It is a long way from the rice fields of Hunan, where I was born, to the fields of
the Circus Maximus in Rome, where FAO is headquartered. No day passes that I
don’t feel honoured and humbled to be leading this Organization – still, after all
these years, the foremost global authority on two fundamental aspects of human
civilization: food and agriculture.
These pages chronicle FAO’s record to date – and celebrate it too, though the
perspective is never less than lucid. They offer a succinct overview of the ideals
and principles which have inspired our work. But they also measure the road still
In the year or so I have been at the helm of the Organization, much has changed
in our everyday lives. Even before the COVID-19 crisis, I liked to say that problems
could be a source of progress – that adversity can catalyse a pragmatic creativity
that eludes us in less testing times.
The current pandemic is possibly the greatest social cataclysm many of us have
seen. Still, we must recognize that it has also accelerated a societal reset –
including in the way we operate as international organizations. An institution like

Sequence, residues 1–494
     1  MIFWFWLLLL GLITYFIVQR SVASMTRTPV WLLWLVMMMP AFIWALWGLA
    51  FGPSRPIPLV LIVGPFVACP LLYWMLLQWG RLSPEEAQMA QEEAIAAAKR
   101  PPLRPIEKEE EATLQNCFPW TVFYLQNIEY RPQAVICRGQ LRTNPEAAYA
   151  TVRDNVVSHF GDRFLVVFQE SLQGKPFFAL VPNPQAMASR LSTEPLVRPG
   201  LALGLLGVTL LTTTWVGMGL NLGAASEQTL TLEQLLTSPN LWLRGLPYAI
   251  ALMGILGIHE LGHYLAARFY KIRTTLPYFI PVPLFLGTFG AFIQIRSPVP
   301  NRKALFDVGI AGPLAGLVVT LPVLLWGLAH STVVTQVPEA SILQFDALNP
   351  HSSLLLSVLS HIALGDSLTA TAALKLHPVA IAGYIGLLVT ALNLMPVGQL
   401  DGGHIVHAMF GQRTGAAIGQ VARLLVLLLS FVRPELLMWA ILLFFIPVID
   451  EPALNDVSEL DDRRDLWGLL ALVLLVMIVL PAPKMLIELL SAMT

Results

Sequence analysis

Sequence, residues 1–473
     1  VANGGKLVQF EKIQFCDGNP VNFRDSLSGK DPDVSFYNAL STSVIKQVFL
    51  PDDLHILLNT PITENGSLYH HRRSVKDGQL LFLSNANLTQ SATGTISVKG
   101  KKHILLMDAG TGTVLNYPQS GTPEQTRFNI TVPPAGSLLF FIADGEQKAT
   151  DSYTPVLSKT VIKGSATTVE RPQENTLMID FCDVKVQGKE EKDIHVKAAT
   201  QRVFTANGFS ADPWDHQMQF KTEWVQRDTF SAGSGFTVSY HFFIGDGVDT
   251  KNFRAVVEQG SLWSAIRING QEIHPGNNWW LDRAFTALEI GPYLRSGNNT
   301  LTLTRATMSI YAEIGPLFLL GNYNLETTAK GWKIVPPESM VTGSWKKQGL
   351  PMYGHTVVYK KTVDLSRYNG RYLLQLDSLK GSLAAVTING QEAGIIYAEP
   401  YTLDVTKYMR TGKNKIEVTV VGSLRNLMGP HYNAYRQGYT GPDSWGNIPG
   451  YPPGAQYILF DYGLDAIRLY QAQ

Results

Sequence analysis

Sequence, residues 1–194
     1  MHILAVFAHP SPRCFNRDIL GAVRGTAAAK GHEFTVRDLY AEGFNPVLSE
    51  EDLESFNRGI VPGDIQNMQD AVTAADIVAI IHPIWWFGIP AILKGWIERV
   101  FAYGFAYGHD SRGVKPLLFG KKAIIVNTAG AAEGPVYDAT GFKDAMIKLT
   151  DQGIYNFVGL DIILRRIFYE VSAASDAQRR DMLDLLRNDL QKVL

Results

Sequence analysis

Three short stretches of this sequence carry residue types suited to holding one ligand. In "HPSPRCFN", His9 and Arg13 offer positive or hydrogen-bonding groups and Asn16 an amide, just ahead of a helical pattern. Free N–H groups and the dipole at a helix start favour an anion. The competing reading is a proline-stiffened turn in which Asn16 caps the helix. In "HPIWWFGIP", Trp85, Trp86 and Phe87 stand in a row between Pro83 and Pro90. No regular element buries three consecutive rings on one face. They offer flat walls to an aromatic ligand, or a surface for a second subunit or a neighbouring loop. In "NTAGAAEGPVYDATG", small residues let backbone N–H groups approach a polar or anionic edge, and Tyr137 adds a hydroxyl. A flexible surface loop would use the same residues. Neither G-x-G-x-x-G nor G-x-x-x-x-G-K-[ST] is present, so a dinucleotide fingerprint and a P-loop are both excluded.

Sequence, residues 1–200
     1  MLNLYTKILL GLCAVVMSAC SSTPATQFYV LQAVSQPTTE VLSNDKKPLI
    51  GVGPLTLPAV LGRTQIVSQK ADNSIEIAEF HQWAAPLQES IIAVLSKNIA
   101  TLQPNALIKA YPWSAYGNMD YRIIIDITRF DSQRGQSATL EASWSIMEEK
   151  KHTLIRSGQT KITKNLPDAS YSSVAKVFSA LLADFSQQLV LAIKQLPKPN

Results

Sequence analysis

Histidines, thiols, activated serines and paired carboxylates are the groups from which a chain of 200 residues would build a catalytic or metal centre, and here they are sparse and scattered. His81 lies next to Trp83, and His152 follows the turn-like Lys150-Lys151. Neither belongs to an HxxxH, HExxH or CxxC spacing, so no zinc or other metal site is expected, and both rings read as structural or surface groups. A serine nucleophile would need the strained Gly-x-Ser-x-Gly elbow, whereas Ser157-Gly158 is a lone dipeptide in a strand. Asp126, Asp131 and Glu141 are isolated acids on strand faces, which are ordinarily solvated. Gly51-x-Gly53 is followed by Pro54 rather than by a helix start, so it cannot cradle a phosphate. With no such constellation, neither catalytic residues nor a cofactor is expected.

FAO, with its venerable culture of expertise-sharing and institutional procedure,
has proved capable, at short notice, of embracing an innovative attitude
and largely shifting online. But if innovation means going digital – and this
publication contains examples of our aggressive push in that direction – it also
means transforming a whole business model, starting with mindsets.
We are already streamlining FAO’s management structure, moving from silos
to team leadership. Transparency repays itself: open up to the world, and the
world will open up to you. Cutting bureaucracy and expanding autonomous
decision-making are not only more likely to unleash talent: they are
prerequisites for turning FAO into a beacon of excellence.
We must be dreamers and doers, think-tank and action-tank rolled into
one. Our value lies, after all, in the solutions we provide for our Members to
achieve food security and better livelihoods for all. This is why we are now
in a position, for example, to advise governments on precisely which policies
would dramatically shrink the cost of healthy diets, improving the lives of
three billion people and offsetting trillions of dollars a year in health and
environmental costs; or to pinpoint – through our Hand-in-Hand initiative
– which two of any countries could pair up to deliver palpable food security
outcomes, aligned to the Sustainable Development Goals.
We have much more in store; the full range of our re-invention will become
apparent in the years to come. In the meantime, I hope you enjoy reading
this historical excursion: it helps explain how we got here and where we
With my full gratitude for your commitment to a world free of poverty
This post will expire on Saturday December 12th, 2020 7:33pm